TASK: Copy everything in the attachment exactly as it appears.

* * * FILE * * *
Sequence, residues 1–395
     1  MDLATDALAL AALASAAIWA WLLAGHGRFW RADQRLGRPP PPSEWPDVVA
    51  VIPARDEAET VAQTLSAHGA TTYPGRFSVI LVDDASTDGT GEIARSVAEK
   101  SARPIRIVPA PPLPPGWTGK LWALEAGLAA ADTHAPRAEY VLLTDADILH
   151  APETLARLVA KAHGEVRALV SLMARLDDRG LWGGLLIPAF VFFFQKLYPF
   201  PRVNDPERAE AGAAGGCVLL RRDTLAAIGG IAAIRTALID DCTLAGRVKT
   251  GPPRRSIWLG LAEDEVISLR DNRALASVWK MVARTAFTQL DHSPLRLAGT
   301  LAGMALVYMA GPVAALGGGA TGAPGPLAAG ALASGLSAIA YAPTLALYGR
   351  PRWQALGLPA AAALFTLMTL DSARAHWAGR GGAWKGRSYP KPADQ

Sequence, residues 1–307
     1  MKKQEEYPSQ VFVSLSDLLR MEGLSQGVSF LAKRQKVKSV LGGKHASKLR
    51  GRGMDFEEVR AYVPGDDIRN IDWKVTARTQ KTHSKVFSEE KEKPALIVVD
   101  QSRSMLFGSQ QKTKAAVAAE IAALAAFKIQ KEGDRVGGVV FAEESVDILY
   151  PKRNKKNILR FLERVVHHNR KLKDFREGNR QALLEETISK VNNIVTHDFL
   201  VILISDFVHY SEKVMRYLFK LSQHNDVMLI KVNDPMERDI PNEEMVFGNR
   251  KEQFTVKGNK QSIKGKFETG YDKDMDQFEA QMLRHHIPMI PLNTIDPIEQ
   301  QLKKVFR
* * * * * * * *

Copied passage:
Sequence, residues 1–395
     1  MDLATDALAL AALASAAIWA WLLAGHGRFW RADQRLGRPP PPSEWPDVVA
    51  VIPARDEAET VAQTLSAHGA TTYPGRFSVI LVDDASTDGT GEIARSVAEK
   101  SARPIRIVPA PPLPPGWTGK LWALEAGLAA ADTHAPRAEY VLLTDADILH
   151  APETLARLVA KAHGEVRALV SLMARLDDRG LWGGLLIPAF VFFFQKLYPF
   201  PRVNDPERAE AGAAGGCVLL RRDTLAAIGG IAAIRTALID DCTLAGRVKT
   251  GPPRRSIWLG LAEDEVISLR DNRALASVWK MVARTAFTQL DHSPLRLAGT
   301  LAGMALVYMA GPVAALGGGA TGAPGPLAAG ALASGLSAIA YAPTLALYGR
   351  PRWQALGLPA AAALFTLMTL DSARAHWAGR GGAWKGRSYP KPADQ

Sequence, residues 1–307
     1  MKKQEEYPSQ VFVSLSDLLR MEGLSQGVSF LAKRQKVKSV LGGKHASKLR
    51  GRGMDFEEVR AYVPGDDIRN IDWKVTARTQ KTHSKVFSEE KEKPALIVVD
   101  QSRSMLFGSQ QKTKAAVAAE IAALAAFKIQ KEGDRVGGVV FAEESVDILY
   151  PKRNKKNILR FLERVVHHNR KLKDFREGNR QALLEETISK VNNIVTHDFL
   201  VILISDFVHY SEKVMRYLFK LSQHNDVMLI KVNDPMERDI PNEEMVFGNR
   251  KEQFTVKGNK QSIKGKFETG YDKDMDQFEA QMLRHHIPMI PLNTIDPIEQ
   301  QLKKVFR